For the past 20 years I've been a student of digital business and marketing. I’ve very purposely spent my career focused on digital transformation from as many different perspectives as possible. No matter what company you work for, you're always working hard to acquire new customers and unfortunately, under serving your existing ones. But, without a deep and long term commitment to crafting digital experiences that enable you to capture, analyze and take action on customer data, you’re flying blind.
Our ultimate goal as experience design leaders is to optimize our experiences, not only to drive significant business impact, but also to deliver the data and insights we need to future-proof our organizations.
As a digital-centric professional, my primary perspective on business is through the lenses of constantly changing technology and customer behavior, and the mountains of data generated by the synergy of the two. While digital experiences aren’t your only valuable customer touch points, they are - or will be soon - the most important ones, not only for customers, but for the survival of your company. Look at your customer experience and satisfaction metrics, I bet they indicate a significant shift in customer behavior - toward digital, and more specifically, mobile channels. And sadly, the majority of you are probably seeing falling satisfaction rates because very few businesses are keeping up.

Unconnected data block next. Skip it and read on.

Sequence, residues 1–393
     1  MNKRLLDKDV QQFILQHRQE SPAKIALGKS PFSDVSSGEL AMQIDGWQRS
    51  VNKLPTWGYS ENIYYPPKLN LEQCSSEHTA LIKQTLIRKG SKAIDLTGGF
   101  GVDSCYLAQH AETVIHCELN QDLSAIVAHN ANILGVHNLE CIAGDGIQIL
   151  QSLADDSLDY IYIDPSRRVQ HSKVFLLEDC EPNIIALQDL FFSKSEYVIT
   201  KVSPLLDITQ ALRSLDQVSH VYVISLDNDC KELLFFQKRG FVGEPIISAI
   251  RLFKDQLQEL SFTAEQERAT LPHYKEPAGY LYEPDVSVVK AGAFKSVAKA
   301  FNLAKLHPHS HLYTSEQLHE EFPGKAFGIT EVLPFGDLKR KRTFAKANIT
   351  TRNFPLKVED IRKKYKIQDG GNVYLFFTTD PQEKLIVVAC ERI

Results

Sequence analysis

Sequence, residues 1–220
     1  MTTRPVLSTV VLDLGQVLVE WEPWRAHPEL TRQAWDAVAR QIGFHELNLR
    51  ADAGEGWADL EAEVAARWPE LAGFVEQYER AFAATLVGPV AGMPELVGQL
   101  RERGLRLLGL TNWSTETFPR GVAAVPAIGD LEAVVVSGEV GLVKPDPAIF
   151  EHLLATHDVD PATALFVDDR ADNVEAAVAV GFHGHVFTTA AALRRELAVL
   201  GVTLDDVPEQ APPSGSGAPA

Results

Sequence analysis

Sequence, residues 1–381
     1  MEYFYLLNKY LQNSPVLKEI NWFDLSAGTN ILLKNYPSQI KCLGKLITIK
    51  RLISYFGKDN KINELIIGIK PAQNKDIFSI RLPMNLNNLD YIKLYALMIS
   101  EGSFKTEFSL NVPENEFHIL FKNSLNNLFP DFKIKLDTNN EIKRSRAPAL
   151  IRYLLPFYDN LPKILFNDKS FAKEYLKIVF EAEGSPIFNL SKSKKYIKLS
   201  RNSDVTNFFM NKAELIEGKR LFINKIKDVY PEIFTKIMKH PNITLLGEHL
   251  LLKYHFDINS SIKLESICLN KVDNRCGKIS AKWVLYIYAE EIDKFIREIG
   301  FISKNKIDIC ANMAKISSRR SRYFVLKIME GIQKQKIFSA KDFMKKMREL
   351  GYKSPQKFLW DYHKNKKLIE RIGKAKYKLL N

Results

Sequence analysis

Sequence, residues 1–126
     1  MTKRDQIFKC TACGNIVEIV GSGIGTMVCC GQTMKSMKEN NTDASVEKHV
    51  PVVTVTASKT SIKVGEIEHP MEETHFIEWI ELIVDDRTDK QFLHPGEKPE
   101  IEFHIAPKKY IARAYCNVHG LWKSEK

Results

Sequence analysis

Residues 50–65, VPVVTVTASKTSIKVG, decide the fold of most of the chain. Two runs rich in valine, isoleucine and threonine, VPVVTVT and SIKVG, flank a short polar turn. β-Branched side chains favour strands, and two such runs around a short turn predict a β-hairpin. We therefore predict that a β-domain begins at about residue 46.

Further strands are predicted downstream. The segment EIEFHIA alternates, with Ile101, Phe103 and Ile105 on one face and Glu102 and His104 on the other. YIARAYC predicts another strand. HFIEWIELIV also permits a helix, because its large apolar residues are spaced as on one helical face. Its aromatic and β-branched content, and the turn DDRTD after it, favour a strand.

This is one of the many curses of digital - it’s simultaneously essential for success and remarkably difficult to do well.
Most enterprise organizations are built on traditional models of customer engagement. They’ve worked for so long, and frankly, digital is still in its turbulent transition period (will it ever not be?). Recently my team worked with one of the largest captive finance organizations in the world and they still process millions of monthly payments through the U.S. Postal Service - but that’s changing rapidly. Unsurprisingly, mobile websites and apps are seeing the fastest growth curve, but customer satisfaction scores are falling despite the massive investments in the customer service organization and tools.
Fact: Large organizations change slowly. To see so many of those organizations without strong customer and digital leadership across key engagement touch points in 2017 is surprising. From insights teams who have never worked with digital marketing, to customer service leadership who see digital channels as customer pain points, to overworked IT groups managing such a variety of projects and systems, it's no wonder they lack agility.
Your customer’s changing behaviors and preferences are the single most disruptive force in your industry.
While customer insights, data management, analytics and digital experience management are all deep disciplines within themselves, there are three core focus areas across the customer experience design journey where new data and insights strategies can transform customer-centricity aspirations. While different data and insights inform different efforts, they all combine to provide a complete approach to continuous customer experience improvement and ultimately, serve to future-proof an organization when done right.
1. Pre-Experience Design
Constant Customer Insights